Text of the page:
and the mix surrounds you with voices, while the orchestra remains mostly
up front with the main stereo speakers.
Whenever I hear of a company making retroactive changes to a classic
film I’m always afraid they’re going to paint a mustache
onto the Mona Lisa, and sometimes they do. Not here, though; the remix
is tasteful and appropriate.
Alas, while the sound quality is clean and very listenable, it is
also a tad thin. At the volume I use as my personal “default” for
getting apples-to-apples comparisons of audio tracks, both DVD versions
of Ben-Hur are quite soft. This is a shame considering the sweeping
and glorious Miklos Rosza score and the music-less mayhem of the famous
chariot race, where the audience should be nearly deafened by the thundering
hooves and howling humanity.
The 212 minute film takes up the first two discs of this set and Warner’s
has wisely chosen to make the break between discs exactly where they
should: at intermission.
The feature also comes with a running commentary provided by film historian
T. Gene Hatcher and Charlton Heston. Hatcher provides interesting bits
of trivia, perspective, and background information and, while Heston’s
comments may disappoint those looking for inside dirt, he provides gracious
recollections of his experiences during the long shoot in Italy. The
man is a class act and seemed genuinely grateful to have worked on the
film and appreciative of the talents of those with whom he served.
Disc three is a wonderful bonus. It’s a restored version of
the 1925 silent epic starring Ramon Novarro as Judah Ben-Hur and Francis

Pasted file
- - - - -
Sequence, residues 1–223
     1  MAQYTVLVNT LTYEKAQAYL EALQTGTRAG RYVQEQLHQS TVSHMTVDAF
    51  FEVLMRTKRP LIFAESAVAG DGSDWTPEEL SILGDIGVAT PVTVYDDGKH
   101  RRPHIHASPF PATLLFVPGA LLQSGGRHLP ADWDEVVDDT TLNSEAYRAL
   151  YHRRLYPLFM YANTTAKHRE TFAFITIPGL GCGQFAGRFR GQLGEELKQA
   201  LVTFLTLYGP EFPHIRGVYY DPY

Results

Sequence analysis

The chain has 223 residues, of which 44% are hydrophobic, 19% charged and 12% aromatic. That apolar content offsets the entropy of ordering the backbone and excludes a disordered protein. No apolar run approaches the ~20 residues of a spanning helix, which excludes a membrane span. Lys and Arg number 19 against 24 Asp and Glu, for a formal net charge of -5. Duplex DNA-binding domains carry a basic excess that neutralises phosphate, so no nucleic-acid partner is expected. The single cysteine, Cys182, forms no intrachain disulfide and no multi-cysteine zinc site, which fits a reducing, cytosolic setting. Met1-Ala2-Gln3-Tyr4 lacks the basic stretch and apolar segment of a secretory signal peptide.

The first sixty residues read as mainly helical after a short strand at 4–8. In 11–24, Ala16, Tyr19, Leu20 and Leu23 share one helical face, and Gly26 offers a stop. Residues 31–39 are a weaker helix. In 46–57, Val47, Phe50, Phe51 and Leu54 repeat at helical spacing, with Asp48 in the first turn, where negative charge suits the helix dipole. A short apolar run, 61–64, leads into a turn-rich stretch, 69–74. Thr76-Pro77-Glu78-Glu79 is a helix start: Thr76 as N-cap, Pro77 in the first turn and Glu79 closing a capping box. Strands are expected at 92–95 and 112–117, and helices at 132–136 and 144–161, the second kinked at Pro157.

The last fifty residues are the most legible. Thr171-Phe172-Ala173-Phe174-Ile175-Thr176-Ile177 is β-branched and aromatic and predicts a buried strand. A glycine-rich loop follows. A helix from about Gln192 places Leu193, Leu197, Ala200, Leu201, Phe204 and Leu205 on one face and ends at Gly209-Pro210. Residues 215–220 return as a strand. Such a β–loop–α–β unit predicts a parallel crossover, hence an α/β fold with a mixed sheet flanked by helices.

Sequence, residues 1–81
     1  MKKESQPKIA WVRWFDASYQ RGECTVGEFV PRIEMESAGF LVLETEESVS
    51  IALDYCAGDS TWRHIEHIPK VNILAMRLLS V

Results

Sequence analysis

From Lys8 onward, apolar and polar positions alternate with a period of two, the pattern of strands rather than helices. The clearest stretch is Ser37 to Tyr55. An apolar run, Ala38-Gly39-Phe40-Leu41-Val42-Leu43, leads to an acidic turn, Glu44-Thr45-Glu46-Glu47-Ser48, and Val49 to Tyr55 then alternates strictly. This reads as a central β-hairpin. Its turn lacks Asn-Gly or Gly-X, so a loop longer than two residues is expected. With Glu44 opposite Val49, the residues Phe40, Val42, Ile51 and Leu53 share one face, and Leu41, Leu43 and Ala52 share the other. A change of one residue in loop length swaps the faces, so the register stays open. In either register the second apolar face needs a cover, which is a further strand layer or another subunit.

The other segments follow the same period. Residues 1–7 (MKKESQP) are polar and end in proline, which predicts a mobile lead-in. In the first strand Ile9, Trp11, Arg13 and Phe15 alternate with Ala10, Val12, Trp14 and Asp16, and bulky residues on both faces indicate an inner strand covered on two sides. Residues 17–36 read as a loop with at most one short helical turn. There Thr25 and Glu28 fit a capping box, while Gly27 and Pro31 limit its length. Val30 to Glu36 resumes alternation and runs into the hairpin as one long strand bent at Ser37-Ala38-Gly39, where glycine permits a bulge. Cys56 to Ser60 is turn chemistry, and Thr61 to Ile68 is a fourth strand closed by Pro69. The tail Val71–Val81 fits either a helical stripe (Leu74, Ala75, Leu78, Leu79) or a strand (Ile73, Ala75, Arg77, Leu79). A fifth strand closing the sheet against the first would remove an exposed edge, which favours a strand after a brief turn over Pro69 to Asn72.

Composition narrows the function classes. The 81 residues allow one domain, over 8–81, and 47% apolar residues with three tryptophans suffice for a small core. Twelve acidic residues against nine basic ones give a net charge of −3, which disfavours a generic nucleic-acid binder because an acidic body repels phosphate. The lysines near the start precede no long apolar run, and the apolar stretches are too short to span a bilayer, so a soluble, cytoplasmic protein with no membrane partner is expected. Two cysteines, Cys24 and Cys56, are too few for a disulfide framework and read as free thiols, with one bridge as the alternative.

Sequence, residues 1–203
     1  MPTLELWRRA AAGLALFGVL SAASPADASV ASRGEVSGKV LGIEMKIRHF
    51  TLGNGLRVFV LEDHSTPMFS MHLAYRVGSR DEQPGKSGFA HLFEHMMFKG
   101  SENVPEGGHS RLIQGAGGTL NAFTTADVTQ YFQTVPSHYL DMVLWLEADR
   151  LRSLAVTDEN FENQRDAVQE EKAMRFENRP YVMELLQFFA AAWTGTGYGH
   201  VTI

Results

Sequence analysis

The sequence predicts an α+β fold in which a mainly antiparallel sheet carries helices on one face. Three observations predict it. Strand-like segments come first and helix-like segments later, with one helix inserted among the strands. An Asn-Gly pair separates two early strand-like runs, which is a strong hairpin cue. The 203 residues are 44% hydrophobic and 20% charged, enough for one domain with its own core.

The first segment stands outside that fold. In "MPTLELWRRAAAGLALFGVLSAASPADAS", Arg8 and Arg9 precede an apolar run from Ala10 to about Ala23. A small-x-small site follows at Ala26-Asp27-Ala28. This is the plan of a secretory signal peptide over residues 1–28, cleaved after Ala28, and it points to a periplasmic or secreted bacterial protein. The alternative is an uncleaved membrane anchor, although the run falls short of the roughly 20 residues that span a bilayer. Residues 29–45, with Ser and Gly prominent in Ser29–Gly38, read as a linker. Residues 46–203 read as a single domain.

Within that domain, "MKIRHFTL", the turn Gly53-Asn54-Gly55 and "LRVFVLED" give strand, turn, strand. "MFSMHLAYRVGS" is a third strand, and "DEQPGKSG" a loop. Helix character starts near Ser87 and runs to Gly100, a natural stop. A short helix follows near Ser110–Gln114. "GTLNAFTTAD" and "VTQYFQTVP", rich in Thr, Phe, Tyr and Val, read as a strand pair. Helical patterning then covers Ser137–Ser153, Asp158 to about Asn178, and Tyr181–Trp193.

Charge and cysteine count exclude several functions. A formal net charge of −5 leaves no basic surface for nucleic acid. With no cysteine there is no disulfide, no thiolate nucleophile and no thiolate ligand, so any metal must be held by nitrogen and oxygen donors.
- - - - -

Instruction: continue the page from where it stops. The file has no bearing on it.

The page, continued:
X. Bushman as Messala. It looks about as good as a 1925 movie can, though
owners of widescreen TV’s that may be prone to burn-in (CRT’s
and plasmas) will want to stretch/zoom the 4x3 full frame picture to
fit their wide screens.
The 1925 film features a stereo score by Carl Davis and it sounds
IIf you love Ben-Hur and haven’t seen this version, you’re
in for a treat.
You may also get a chuckle or two if you’ve watched the “The
Epic That Changed Cinema” documentary, because many of the filmmakers
featured there talk about the brilliance of various Wyler shots, and
it’s plain that (brilliant as Wyler and his version are) some
of the shots mentioned were fairly straightforward reconstructions of
Which just goes to show how great the 1925 version really was.
In fact, I liked its sea battle better than Wyler’s (though
Wyler may not have been on board the project when those obviously model
shots were created).
Disc four includes two excellent documentaries, one of which (“Ben-Hur:
the Making of an Epic”) also appeared on the original DVD. “Epic” starts
with the original novel and takes you on a tour of Ben-Hur’s stage
and silent versions before tackling the Wyler film.
The previously-mentioned “Epic That Changed Cinema” is
also fascinating, featuring clips of Wyler and contemporary filmmakers
including Ridley Scott and George Lucas, the latter of whose pod
race (from “Star Wars Episode One the Phantom Menace”) was
inspired by and is an homage to the Wyler film’s chariot race.
If that isn’t enough, there are a couple of screen tests, one
of which features Leslie Nielsen, a short and rather superfluous gallery
of photographs set to Rosza’s score, vintage newsreels, highlights
from the Oscar night in which Ben-Hur cleaned up, and a gallery of theatrical
In all, it’s a wonderful presentation befitting this Hollywood
Ben-Hur, from Warner Home Video
212 minutes, Widescreen (2.76:1)16x9 TV compatible, Dolby Digital 5.1
Starring Charlton Heston, Stephen Boyd, Haya Harareet, Jack Hawkins
Produced by Sam Zimbalist
Written by Karl Tunberg, Directed by William Wyler